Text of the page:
Sunday, October 24, 2010
The Great Migration
Immigration records are often the starting point in a family history search. The records of my ancestors who came over in the early 1900s frequently reveal their nearest relatives in Europe and who they were going to in the United States. From these records we can observe how each new immigrant helped the next. Each new immigrant goes to a brother, uncle or cousin who has already braved the journey. Parents are often the nearest relative in Europe and frequently remained behind as each child departed.
Stories that have been handed down often indicate difficulties in leaving the country with my grandmother actually taking a bullet in order to leave the Ukraine. What drove them to such lengths to leave a familiar place for such a long and unknown journey? Often it was the threat of a stint in the Russian Army or threats to their life presented by Cossacks and pogroms.
I recently read a fascinating book that focused on a different kind of immigration that echoed the experience of my Jewish ancestors. The book is The Warmth of Other Suns: The Epic Story of America’s Great Migration by Isabel Wilkerson. It addresses the migration of Southern blacks to the North and views them through the lens of immigration theory. From WWI through 1970, six million black southerners migrated from the South to the North. Although it took place within the confines of one country, it meets many of the characteristics of immigration. The South under Jim Crow laws was unquestionably a dangerous, dehumanizing and limiting environment in which to live. Lynchings and the inability to defend oneself were not unlike the pogroms that arose periodically in Eastern Europe leaving as many as 300 dead in their wake, the tally in my grandmother’s shtetl a year before she departed for the United States. The North, while by no means prejudice free, did not have prejudice embedded in the very fabric of its laws like the South. It presented a land of opportunity to blacks in terms of quality education, the opportunity to move freely and freedom from threats to their life.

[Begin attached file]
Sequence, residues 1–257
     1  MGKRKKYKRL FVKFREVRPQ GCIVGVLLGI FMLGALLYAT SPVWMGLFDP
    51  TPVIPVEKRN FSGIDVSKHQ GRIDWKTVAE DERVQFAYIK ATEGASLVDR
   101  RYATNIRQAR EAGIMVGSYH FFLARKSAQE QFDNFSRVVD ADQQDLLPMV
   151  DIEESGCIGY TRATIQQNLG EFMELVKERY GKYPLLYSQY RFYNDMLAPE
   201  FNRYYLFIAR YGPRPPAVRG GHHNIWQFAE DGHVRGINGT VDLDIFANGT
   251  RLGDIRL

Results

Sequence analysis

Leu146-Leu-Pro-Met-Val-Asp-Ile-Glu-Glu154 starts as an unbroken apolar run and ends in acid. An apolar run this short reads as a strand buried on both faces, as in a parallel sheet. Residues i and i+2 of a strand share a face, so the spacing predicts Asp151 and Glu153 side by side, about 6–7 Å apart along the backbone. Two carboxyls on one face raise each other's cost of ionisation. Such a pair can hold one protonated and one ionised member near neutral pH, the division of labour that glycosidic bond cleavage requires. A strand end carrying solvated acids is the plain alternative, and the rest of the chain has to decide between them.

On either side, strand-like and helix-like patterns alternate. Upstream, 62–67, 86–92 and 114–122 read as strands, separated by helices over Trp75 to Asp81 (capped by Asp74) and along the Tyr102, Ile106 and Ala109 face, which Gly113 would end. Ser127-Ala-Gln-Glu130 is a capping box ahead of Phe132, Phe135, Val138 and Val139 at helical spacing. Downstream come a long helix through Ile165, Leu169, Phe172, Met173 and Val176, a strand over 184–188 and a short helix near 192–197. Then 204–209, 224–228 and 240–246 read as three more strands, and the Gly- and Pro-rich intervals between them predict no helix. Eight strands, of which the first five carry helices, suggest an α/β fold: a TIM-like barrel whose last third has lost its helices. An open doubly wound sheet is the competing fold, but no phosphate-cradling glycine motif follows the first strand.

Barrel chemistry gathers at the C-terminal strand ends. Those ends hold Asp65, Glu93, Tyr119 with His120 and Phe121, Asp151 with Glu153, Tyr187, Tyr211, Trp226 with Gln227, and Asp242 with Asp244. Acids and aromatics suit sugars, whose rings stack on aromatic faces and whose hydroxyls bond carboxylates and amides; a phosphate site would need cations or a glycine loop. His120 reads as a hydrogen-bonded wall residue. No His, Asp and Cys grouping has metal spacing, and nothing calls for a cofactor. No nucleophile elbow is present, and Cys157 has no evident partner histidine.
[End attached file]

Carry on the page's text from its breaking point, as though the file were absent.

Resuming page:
As I read of their lives under Jim Crow laws I was surprised to learn how the restrictions arose after Reconstruction. The North withdrew in the mid-1870s and Southerners began to take away the opportunities that had accrued to freed slaves in the intervening decades. Freedoms were stripped away one by one, gradually dehumanizing them and constricting their world. The restrictions that were imposed were eerily similar to many that were placed upon the Jews by the Nazis.
Leaving was not an easy thing to do because Southerners didn’t want to lose their cheap labor force and often blocked their departure. They had to plan their exit carefully often leaving from another town quietly to assure a safe exit. Not unlike my family members who had to swim a river and were shot at crossing the border.
In the North the Southern blacks faced many of the challenges of other immigrants, compounded by the fact that race was a far more defining characteristic than ethnicity. Wilkerson writes that immigrants who traveled the furthest against the most difficult challenges typically found a greater level of success. Southern blacks were no exception to this rule spawning such well known names as Toni Morrison, Aretha Franklin, Jesse Owens, Oprah Winfrey, August Wilson and Michelle Obama.
I found this book enlightening on many levels and thoroughly engaging. Wilkerson follows the stories of three unrelated people from their experience in the South, their departure and their subsequent life in the North. Her premise of “The Great Migration” as an immigration story creates a logical context through which to view the evolution of today’s black communities. For me it created a level of empathy as I saw their experience echoed in my own family’s immigration story.